Falling Into Grace

IMG_1045 (1)Thanksgiving is my favorite holiday. It is a day in which the very ordinary—a meal, can be turned into the extraordinary—a meal. It is a time to transform surviving into thriving. A time for gratitude.

But, today is much like a Thanksgiving more than a decade ago when I could not see my way clear to feel that. I could not muster up gratitude no matter how hard I tried.

So, I did a meditation where I invited gratitude in. She took me through a dark tunnel that formed after the lava from a volcanic eruption hardened into black rock. It was not comfortable making my way through through the tunnel. It was the blackest darkness I had ever experienced. But there was an end to it. It led me into a cave covered in paintings that told the stories of those who had lived eons earlier.

I placed my hand on a painting of a horse and heard a chorus of voices say, “This is what it means to be human.”

That’s how I found gratitude that year.

All over Facebook I see messages that encourage us to be thankful, assure us, or maybe demand from us, that there is always something to be thankful for. I’m not big on that. Sometimes, there is just too much in the way. And I think we have a right to feel the grief we feel and the despair that accompanies it. It is the black-dark tunnel we must walk through to find our connection to being human again.

This past year has been one of grief and despair. Some of it from an accumulation of losses that fell one after the other over two decades with no time in between to give grief its due. And then there was the election and the pall of meanness and cynicism that has descended on our country.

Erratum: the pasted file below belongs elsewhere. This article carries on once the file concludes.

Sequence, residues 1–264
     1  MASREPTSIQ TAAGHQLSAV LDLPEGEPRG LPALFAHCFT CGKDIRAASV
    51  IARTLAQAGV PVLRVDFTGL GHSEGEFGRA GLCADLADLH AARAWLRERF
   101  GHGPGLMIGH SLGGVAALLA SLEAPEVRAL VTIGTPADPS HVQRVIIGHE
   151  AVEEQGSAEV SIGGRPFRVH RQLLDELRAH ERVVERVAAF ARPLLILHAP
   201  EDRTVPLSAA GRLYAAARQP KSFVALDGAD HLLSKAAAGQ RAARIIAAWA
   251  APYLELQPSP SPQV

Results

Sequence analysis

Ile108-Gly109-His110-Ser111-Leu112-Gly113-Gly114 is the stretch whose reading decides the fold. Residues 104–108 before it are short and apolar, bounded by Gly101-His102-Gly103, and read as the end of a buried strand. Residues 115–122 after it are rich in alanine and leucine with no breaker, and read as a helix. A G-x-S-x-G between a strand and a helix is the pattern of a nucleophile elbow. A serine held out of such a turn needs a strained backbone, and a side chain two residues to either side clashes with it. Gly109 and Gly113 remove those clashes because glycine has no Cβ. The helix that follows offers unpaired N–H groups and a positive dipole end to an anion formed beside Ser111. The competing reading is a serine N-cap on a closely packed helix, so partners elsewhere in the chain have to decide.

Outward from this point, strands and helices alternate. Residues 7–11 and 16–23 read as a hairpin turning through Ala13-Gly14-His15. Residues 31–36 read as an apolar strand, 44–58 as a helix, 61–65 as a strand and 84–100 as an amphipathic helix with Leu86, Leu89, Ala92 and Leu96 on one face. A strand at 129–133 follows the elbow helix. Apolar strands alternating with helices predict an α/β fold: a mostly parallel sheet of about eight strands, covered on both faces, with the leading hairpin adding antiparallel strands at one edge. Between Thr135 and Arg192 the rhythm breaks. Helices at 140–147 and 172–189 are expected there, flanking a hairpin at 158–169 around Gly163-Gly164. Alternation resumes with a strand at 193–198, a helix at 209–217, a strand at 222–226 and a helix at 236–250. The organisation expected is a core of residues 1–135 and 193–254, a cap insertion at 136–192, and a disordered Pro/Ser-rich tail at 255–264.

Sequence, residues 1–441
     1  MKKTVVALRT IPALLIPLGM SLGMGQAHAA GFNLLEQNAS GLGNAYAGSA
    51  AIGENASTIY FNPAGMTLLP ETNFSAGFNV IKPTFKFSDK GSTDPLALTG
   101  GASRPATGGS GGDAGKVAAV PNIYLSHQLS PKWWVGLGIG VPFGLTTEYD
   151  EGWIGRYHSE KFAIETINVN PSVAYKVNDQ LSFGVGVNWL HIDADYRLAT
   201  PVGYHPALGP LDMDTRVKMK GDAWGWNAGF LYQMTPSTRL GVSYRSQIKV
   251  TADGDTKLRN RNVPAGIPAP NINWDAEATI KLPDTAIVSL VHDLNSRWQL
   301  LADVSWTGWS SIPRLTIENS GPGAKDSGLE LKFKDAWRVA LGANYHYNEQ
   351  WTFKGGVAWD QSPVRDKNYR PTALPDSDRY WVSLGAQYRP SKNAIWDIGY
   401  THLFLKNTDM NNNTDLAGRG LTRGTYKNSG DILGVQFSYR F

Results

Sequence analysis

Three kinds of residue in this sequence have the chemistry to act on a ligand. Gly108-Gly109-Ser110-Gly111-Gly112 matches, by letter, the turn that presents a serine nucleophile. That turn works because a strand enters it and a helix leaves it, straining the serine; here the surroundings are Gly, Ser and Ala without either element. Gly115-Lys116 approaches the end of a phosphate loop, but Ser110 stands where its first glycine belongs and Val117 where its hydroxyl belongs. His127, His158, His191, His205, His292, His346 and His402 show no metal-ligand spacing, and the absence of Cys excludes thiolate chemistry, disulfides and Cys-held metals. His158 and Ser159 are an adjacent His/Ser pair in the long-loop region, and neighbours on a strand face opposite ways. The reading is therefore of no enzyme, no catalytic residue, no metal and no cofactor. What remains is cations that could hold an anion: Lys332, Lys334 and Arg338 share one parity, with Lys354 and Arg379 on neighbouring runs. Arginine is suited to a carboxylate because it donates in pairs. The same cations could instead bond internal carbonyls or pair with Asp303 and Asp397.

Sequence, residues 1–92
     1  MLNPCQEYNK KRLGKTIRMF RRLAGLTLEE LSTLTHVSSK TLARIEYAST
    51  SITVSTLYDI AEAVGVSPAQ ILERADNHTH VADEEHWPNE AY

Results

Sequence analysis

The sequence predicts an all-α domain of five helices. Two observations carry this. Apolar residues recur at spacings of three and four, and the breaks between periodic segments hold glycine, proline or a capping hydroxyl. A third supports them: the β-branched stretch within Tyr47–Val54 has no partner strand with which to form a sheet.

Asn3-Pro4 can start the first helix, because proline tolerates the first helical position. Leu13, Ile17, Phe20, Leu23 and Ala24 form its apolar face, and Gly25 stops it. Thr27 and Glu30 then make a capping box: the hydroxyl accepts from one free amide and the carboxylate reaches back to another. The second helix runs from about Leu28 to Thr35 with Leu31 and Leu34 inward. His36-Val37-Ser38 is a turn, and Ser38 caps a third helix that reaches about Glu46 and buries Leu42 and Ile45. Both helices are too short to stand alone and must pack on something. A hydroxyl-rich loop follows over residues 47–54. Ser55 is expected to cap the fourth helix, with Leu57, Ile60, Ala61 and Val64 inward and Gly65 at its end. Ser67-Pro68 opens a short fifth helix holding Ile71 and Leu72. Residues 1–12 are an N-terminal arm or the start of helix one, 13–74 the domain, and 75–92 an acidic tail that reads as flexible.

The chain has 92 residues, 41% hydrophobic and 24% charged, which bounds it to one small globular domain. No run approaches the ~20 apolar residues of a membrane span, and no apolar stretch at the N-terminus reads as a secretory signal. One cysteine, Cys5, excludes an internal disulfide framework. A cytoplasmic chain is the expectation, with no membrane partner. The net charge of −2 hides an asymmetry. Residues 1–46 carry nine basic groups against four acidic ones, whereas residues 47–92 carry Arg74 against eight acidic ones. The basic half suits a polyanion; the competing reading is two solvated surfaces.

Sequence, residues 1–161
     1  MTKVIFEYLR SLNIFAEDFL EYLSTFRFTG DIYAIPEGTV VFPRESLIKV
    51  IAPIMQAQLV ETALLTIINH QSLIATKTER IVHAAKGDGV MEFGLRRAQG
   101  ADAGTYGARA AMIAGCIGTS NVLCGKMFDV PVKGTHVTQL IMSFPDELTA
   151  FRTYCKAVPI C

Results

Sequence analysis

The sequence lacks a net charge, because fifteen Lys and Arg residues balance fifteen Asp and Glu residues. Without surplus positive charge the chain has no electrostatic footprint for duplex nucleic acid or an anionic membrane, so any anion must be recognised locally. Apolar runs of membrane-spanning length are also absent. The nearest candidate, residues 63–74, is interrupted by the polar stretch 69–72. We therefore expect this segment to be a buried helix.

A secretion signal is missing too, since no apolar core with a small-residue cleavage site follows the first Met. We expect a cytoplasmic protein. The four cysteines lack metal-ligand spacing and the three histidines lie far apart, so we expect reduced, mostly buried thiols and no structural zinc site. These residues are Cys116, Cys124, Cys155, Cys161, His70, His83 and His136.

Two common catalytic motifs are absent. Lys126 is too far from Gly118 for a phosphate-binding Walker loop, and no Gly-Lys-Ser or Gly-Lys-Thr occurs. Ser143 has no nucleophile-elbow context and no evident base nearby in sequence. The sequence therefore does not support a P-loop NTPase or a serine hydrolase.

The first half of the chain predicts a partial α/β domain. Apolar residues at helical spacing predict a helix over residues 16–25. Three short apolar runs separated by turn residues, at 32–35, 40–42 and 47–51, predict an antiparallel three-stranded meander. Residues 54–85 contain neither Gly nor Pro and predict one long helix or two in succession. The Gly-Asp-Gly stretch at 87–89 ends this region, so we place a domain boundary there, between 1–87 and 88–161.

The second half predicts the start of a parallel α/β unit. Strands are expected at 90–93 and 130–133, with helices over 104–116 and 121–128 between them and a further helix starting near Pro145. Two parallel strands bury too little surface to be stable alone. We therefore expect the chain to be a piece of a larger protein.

More than once, I had to pull myself out of my own La Brea tar pit.

So this Thanksgiving is a subdued one for me. Tom and I used to host dinners for as many as 12 people. I miss that. But, Tom and I have found a way to honor the holiday with just the 2 of us. We are grateful for each other.

I think the most difficult thing about grief is it feels like we have fallen out of grace. I don’t think we actually do, but it is certainly a loneliness of the soul that is part of being human. It’s what makes us unique and connects us to eons of being human.

I like this definition of grace: the unearned gift. It is the life spirit that allows us to thrive regardless of our surroundings.

I think my time for grieving is drawing to a close. It’s time for me to venture out into the world where grief becomes a distant memory rather than a constant companion. What I learned from my journey through this latest tunnel is my own tenderness. My natural inclination has been to be a warrior—to fight for the higher purpose. So I’m not sure what it means for me to be tender, disarmed and without armor.

But, I’m certain that the tenderness of being a warrior is as powerful as the warrior wading into battle. Both require banishing fear from my workshop.

Maybe the only thing in the way of grace is fear.

Joy and sorrow are flip sides of the same coin. We really can’t have one without the other. That’s what it means to be human. Why we must treat each other with kindness. Banish fear of each other so we can let grace through.

Fixin’ to Cast On

I love the Southern expression for PMS: Fixin’ to Start. I love that Southern expression period, Fixin’ to fill-in-the-blank.

Fixin’. It’s that time between intention and action.

Knitting has taken on a life of its own for me.

Since I wrote about my early attempt at knitting, the knitting group in Sequim, and my move to Sequim, I spent a week at the Port Townsend Writer’s Conference in a workshop with Ann Hood. I signed up because I am writing Beans and Meatballs and the Pink Stuff.

I did not know anything about Ann Hood before I took the class. I just liked that her blurb said our writing had to answer the question, “So what?”.

On the first night of the Conference, I learned that eleven years ago, her five-year old daughter spiked a fever and within 36-hours had died from a virulent form of strep. It left her unable to write or read. Knitting became her path through grief, until she could write and read again.

Writing for me has been my way to stitch together senseless, random, seemingly unrelated experiences so they come to make sense to me—the sense that is an acceptance of the senseless, random, unrelated way that life unfolds. The story they tell.

After help from my friend Jennifer, who introduced me to the knitting group, I started my first knitting project—a scarf. It is perhaps, the ghost of that unfinished scarf that wanders aimlessly through the universe wondering if I’m ever going to learn to cast off.